Majority of schools not disabled-friendly, Senator Morris wants change
Senator Dr Floyd Morris
With 77 per cent of Jamaican schools reportedly not accessible to persons with disabilities, Opposition Senator Dr Floyd Morris is calling for Labour Day 2018 to focus on the disabled community.
Morris, who is blind, made the call in the Senate on Friday while presenting a motion on the challenges that the disabled community faces in Jamaica, especially those in the school system.
He lamented that three years after the Disability Act was passed, it is yet to take effect, a breach of the constitutional rights of persons with disabilities. The law makes it mandatory for educational institutions to be made accessible to persons with disabilities.
Acknowledging the shortcomings and the large sums it would take to correct the problem, Senator Morris is urging the government to target one primary and one high school in each of the 63 constituencies on Labour Day, to make them more disabled friendly.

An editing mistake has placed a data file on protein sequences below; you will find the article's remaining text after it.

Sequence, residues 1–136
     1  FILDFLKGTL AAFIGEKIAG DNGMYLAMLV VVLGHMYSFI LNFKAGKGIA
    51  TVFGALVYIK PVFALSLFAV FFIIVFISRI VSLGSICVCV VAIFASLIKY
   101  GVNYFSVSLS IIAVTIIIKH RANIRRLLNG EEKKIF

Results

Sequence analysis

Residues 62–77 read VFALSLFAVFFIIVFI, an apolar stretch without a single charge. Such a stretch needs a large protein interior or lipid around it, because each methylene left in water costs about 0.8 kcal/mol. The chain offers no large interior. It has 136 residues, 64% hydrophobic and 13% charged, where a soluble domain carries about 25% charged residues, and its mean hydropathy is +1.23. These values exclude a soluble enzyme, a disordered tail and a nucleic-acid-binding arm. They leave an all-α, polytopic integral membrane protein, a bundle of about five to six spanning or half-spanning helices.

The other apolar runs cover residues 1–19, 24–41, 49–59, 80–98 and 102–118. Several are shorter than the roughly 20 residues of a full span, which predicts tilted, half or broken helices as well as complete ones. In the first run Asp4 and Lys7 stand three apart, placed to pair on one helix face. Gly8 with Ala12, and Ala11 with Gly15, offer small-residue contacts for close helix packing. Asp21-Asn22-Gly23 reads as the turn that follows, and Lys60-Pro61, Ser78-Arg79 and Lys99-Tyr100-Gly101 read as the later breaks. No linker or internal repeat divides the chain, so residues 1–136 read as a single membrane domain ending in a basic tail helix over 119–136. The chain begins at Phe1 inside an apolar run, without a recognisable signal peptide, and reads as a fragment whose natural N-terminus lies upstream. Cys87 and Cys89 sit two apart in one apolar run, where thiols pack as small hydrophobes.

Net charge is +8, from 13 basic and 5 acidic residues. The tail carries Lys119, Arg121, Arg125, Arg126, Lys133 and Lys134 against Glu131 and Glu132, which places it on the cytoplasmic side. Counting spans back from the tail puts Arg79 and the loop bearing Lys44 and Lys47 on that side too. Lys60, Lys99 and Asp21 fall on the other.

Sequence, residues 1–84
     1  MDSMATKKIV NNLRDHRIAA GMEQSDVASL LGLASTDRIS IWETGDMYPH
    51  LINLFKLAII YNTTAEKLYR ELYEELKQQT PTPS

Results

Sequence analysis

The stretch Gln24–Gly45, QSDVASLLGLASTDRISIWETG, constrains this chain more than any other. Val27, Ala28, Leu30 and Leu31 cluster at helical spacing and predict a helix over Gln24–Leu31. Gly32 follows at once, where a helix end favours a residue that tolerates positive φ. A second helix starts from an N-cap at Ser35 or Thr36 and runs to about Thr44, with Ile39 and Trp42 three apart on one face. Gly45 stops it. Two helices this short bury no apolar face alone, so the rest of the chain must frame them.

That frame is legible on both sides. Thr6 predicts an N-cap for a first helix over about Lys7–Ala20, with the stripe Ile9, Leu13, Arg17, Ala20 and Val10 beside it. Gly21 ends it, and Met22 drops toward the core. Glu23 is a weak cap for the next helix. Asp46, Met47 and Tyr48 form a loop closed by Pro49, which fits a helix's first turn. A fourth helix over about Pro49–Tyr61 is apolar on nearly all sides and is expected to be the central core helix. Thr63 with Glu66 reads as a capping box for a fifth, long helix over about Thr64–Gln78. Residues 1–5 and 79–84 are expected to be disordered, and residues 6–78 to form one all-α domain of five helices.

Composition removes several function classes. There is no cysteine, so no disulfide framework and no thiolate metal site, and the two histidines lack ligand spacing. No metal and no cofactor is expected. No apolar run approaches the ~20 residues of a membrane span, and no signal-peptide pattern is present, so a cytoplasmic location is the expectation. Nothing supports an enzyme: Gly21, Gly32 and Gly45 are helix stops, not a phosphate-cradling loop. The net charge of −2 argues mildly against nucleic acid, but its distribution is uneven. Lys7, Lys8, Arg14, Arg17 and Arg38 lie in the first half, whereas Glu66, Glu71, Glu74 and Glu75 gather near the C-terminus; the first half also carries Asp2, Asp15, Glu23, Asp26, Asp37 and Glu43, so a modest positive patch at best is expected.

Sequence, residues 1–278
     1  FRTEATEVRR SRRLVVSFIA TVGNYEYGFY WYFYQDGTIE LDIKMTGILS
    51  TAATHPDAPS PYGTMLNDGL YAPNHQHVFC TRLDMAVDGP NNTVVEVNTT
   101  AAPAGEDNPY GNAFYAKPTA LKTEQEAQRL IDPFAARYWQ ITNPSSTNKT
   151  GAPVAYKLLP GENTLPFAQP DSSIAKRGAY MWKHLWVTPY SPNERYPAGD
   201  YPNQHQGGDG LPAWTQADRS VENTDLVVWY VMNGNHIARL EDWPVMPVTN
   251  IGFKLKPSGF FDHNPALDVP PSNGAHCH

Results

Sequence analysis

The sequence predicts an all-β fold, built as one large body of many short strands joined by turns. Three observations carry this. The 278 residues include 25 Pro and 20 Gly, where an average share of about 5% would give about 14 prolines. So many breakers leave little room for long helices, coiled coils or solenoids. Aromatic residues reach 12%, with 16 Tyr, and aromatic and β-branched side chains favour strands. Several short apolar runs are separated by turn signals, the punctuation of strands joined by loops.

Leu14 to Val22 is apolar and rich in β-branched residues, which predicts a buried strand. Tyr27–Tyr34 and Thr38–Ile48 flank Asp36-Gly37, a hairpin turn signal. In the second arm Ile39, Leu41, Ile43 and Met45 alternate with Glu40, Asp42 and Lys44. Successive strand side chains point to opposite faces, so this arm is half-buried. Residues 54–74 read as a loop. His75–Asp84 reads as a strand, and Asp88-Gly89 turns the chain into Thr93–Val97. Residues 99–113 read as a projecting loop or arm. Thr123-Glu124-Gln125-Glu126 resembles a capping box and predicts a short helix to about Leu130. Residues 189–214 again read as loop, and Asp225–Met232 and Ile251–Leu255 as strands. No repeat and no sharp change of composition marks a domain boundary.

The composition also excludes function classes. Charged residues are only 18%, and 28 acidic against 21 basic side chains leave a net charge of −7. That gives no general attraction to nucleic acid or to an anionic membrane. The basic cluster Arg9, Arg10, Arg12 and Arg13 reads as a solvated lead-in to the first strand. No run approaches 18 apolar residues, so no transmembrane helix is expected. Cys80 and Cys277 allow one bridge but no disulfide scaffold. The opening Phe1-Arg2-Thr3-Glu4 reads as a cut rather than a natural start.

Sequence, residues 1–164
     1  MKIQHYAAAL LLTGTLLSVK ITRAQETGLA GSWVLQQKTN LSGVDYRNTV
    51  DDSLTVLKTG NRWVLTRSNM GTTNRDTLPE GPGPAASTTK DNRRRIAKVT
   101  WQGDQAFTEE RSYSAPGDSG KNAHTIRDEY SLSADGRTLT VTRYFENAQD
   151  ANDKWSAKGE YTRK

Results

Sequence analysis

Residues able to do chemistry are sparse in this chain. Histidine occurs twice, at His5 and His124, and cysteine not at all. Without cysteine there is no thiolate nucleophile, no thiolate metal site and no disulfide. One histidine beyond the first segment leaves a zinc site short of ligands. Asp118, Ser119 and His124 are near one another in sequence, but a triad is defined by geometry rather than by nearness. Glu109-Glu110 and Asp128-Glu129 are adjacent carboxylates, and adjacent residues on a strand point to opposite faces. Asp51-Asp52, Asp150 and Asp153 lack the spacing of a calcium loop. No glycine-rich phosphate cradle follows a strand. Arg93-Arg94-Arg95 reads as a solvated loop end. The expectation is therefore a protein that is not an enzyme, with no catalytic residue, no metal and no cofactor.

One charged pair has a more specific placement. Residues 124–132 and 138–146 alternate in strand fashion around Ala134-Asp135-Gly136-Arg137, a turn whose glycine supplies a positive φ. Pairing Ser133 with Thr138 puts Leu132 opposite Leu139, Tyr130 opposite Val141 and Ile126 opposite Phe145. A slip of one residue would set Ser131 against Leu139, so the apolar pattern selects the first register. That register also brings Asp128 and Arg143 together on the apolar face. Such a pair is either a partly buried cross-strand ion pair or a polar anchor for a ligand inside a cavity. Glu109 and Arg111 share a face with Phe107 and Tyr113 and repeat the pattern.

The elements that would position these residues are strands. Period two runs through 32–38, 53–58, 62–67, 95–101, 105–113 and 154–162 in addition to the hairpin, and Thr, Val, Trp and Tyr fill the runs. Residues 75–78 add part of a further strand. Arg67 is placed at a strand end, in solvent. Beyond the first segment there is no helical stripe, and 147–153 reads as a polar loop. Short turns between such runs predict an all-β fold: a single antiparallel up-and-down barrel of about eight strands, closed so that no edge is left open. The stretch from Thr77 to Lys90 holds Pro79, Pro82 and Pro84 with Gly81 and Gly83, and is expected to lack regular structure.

He also noted that the Education Minister, Senator Ruel Reid, has committed to setting aside $50 million per year for the next five years to improve conditions in schools for the benefit of the disabled community. However, Morris said it would take $10 million to retrofit each school.
Senator Morris pointed to a 2014 World Bank study that showed that non-access to educational institutions was a major contributing factor to poverty among the disabled community. He argued that disabled persons “want to be independent, not dependent.”
Government Senator Kavan Gayle supported Morris and in turn appealed to the Education Minister to mandate the HEART-Trust/NTA to introduce programmes that cater to the needs of the disabled community, with a view to making them more independent.